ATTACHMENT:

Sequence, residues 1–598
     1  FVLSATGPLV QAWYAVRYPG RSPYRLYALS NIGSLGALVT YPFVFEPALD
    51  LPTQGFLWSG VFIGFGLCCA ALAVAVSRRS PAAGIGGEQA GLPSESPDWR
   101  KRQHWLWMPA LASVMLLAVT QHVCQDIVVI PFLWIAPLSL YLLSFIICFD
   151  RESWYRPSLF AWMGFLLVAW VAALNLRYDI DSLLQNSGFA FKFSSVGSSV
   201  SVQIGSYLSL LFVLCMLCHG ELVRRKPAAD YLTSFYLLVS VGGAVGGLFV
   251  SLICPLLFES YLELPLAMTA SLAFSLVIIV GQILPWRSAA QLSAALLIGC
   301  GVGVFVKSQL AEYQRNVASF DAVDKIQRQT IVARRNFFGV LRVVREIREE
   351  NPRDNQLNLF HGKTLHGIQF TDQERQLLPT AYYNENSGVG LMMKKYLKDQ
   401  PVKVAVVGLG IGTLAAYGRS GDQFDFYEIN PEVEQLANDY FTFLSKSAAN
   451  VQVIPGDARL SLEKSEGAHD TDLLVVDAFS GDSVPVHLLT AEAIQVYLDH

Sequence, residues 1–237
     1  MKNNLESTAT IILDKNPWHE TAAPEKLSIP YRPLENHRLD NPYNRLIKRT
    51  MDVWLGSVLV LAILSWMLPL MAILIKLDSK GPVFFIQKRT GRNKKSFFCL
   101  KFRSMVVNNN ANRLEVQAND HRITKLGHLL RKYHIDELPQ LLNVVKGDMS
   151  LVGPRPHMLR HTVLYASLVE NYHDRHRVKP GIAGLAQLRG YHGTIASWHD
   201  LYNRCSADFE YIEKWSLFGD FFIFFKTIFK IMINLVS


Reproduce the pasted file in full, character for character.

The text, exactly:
Sequence, residues 1–598
     1  FVLSATGPLV QAWYAVRYPG RSPYRLYALS NIGSLGALVT YPFVFEPALD
    51  LPTQGFLWSG VFIGFGLCCA ALAVAVSRRS PAAGIGGEQA GLPSESPDWR
   101  KRQHWLWMPA LASVMLLAVT QHVCQDIVVI PFLWIAPLSL YLLSFIICFD
   151  RESWYRPSLF AWMGFLLVAW VAALNLRYDI DSLLQNSGFA FKFSSVGSSV
   201  SVQIGSYLSL LFVLCMLCHG ELVRRKPAAD YLTSFYLLVS VGGAVGGLFV
   251  SLICPLLFES YLELPLAMTA SLAFSLVIIV GQILPWRSAA QLSAALLIGC
   301  GVGVFVKSQL AEYQRNVASF DAVDKIQRQT IVARRNFFGV LRVVREIREE
   351  NPRDNQLNLF HGKTLHGIQF TDQERQLLPT AYYNENSGVG LMMKKYLKDQ
   401  PVKVAVVGLG IGTLAAYGRS GDQFDFYEIN PEVEQLANDY FTFLSKSAAN
   451  VQVIPGDARL SLEKSEGAHD TDLLVVDAFS GDSVPVHLLT AEAIQVYLDH

Sequence, residues 1–237
     1  MKNNLESTAT IILDKNPWHE TAAPEKLSIP YRPLENHRLD NPYNRLIKRT
    51  MDVWLGSVLV LAILSWMLPL MAILIKLDSK GPVFFIQKRT GRNKKSFFCL
   101  KFRSMVVNNN ANRLEVQAND HRITKLGHLL RKYHIDELPQ LLNVVKGDMS
   151  LVGPRPHMLR HTVLYASLVE NYHDRHRVKP GIAGLAQLRG YHGTIASWHD
   201  LYNRCSADFE YIEKWSLFGD FFIFFKTIFK IMINLVS